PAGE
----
Well shut my mouth, Belgian beer comes flying out of the gate and delivers a strong knockout punch.  One of the rare benefits of being a beer drinker in Ontario is that - usually - when we get imports like this, the price is downright reasonable, and this brew certainly fits that bill (under $5 at least).  It might not be one of those monster Belgian abbey brews, but it is tasty nonetheless!  (Grade A-)

That one went pretty well - was it a fluke? Let's try another of the style.

Beer: Nostradamus
Brewery: Brasserie Carcarole (Famignol, Belgium)
Type: Dark Ale (Strong)
ABV: 9%

For a brew named for that historical prognosticator extraordinaire, they picked quite an appropriate label, because - like with Nostradamus - I have no idea what is going on here, but it looks compelling.  You really have to unpack this label, because there is so much happening and none of it makes any sense. Something about a mantis shaped devil hat, the planet Saturn, a snail, and some freaky snail-hybrid standing on a book shoving a telescope up his  nose, which somehow means that the world will end in 2014.  The label of a crazy person.  Maybe there's some good beer inside.

For good luck, let's stick with the Duvel goblet.  Deep caramel chestnut in colour, and about a half inch of lively big-bubbled head that recedes into a thick ring.  Good retention on this.

After warming for a few minutes, the nose comes through, and it is quite nice.  Brown sugar, caramel, figs and raisins, a fruity tartness, and only a mild yeast.  Not too shabby.

Initially quite dry, but this brew needs a good amount of time to open up, because when it does the sweetness comes through a great deal.  Sweet and sugary at first, with some of that tart figgy raisin taste coming through towards the finish alongside some chocolate and medicinal herbal hops.  Mercifully, no yeasty taste to it, which really does help me enjoy the brew more.   Strong carbonation at first, but this eases considerably.  The airiness helped make the brew quite easy to drink without feeling to heavy.

Quite nice, a good little Belgian ale this one is.  I'm really thinking it's the yeast, because I enjoyed this a great deal, though the zippy carbonation was a bit much. Still, this was an enjoyable brew that got better with each sip.  (Grade: B+)

The two darker brews were good; what about some lighter fare?  Or better yet, what about a Trappist ale?

Beer: Orval
Brewery: Brasserie D'Orval (Villers D'Orval, Belgium)
Type: Belgian Pale Ale
ABV: 6.2%

Very excited to see this back on the LCBO shelves. Having just returned from Buffalo this weekend and feeling depressed about the beer-selling situation in Ontario (as usual), this was a welcome treat.  As I mentioned before, thanks to Ontario's mass-purchasing racket, when we do eventually get Belgian ales like this one, the price is usually vastly different from what they pay in the States.  I'd still trade the price-difference for variety in a heartbeat, but staying positive is important, because otherwise I'd just weep about the state of things.

What's the deal with the Orval logo you may ask?  Is it a mutated narwhal?  Mutated ram-fish? Something mutated?  Took me a while too, until I used a handy website called 'Goggle.'  Turns out, there is a perfectly reasonable (read: mythical and fanciful) explanation.  The idea is that about 1000 years ago, a princess was travelling through this Belgian valley and stopped at a nearby pond for non-pointless reasons.  Somehow, she managed to drop her wedding ring into the water, thus setting about the conditions for the possible return of Sauron.  She was doubly upset because her husband had recently died, and so she prayed for the ring to be returned.  Miraculously, a trout surfaced, carrying in its mouth the lost ring.  In thanks, the princess dubbed the area the "golden valley" - or, in French, "or" "val".  Hence, Orval.  Neat.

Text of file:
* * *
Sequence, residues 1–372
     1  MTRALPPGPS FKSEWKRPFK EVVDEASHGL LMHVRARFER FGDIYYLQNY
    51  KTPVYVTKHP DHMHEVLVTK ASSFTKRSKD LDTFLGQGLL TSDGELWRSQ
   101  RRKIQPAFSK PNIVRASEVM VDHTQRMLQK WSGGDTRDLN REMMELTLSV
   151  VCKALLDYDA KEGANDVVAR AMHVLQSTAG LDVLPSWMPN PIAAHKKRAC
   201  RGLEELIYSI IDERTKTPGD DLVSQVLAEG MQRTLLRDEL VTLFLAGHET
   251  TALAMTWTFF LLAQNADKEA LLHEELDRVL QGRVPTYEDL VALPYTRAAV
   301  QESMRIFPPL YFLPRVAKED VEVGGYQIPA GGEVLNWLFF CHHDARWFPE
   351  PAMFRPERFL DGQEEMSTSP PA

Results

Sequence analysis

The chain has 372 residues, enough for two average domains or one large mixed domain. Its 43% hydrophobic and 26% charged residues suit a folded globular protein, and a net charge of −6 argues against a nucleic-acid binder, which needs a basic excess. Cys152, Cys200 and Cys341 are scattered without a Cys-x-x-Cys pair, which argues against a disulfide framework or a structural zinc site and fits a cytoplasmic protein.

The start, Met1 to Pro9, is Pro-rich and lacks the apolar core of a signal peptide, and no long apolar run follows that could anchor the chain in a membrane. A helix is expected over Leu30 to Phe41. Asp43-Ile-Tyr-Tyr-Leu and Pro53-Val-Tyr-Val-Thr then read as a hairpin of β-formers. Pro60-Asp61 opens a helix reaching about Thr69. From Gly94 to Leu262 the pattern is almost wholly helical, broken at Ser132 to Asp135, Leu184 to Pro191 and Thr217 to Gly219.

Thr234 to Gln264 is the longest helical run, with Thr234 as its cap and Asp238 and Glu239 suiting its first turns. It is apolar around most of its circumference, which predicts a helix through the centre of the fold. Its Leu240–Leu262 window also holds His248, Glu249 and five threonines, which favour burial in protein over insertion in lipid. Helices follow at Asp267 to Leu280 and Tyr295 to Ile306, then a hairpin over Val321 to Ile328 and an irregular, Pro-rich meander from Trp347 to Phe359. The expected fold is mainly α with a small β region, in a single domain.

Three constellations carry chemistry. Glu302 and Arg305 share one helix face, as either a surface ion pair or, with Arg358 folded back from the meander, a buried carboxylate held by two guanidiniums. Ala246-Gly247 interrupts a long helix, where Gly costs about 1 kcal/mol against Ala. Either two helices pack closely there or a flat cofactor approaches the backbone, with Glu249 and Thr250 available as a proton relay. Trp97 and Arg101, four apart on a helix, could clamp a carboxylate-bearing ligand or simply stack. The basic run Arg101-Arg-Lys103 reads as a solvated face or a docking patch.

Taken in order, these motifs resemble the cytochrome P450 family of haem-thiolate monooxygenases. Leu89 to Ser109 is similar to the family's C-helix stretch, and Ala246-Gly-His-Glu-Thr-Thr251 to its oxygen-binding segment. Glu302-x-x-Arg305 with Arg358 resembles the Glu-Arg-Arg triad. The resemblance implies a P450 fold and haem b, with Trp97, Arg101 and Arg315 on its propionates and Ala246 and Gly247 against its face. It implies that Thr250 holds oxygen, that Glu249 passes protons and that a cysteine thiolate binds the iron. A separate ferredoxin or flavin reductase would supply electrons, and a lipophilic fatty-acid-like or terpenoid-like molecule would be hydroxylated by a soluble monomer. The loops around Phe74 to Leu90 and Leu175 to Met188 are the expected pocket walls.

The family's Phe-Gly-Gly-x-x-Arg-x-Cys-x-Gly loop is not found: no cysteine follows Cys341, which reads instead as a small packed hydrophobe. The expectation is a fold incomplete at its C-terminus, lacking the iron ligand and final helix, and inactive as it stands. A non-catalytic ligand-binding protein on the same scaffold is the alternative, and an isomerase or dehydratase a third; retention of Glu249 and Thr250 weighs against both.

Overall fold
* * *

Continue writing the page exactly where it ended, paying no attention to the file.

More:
As a Trappist brewery, the beer at Orval must satisfy the conditions of Trappist membership - the beer must be brewed on site (inside a Trappist, or Cistercian monastery), with the profits being used either for charity or maintaining the abbey.  Bonus points if you remember the names of all the Trappist breweries!  Though Orval releases two brews, this one is by far the most common, so much so that simply calling it "Orval" usually suffices.

Poured into a goblet.  A unique colour, this - a dark, hazy straw hue, with perhaps some tan in there as well.  (As per usual, the low light of the winter necessitates using the flash, so the brew looks a lot darker in the picture than it really is).  The head is absolutely brilliant on this: big and billowing, with remarkable staying power and generating some wonderful sticky lace. Perfect.

Orval is one of my favorite Trappist ales because it is so dry.  I find that so many Belgian ales are much too sweet; this coupled with the yeasty flavour tends to put me off the brew and give me a headache.  Orval is much more delicate and light, which really appeals.  The nose has a nice yeasty musk to it, with floral hops, grapefruit and a mixed back of fruit - banana, apple and perhaps some cherry.  Very pleasant.

This is a wonderful dry Belgian ale.  Tart, a bit musky, and with a cider-like dryness, Orval is always welcome in my cellar.  Apple, grain husks, dry grape, yeast and spices.  Lighter bodied, mild carbonation, this brew goes down extremely well.

Stock up on these brews if you can - they only get up to Ontario every so often, and when they do, jerkstores like me tend to buy them all up.  A different brew from the usual Trappist fare like Chimay Red and Westmalle Dubbel, and those who prefer drier Belgian ales like saisons and dry tripels will probably dig this one a great deal.  (Grade: A)

I realize now that in my post about how I don't really like Belgian ales that much any more, I have spent the entire time positively reviewing Belgian ales that I really did enjoy.  Stupid? Probably.  I think what happened was that when I started this post, I started thinking about the kind of Belgian brews that I don't like and zeroed in on those characteristics that bugged me, and then actively sought out brews that did not fit those categories.  This, coupled with a couple of fortunate finds in the Nostradamus and Gulden Draak made this job even easier.  So really, what ended up happening here was that through this post, I managed to convince myself to stick with the Belgian ales - seek out the ones that I love, and ignore or move past those that aren't to my liking.  I'll try to avoid sweeping generalizations in the future!

Belgium: always a pleasure.

No comments:

Post a Comment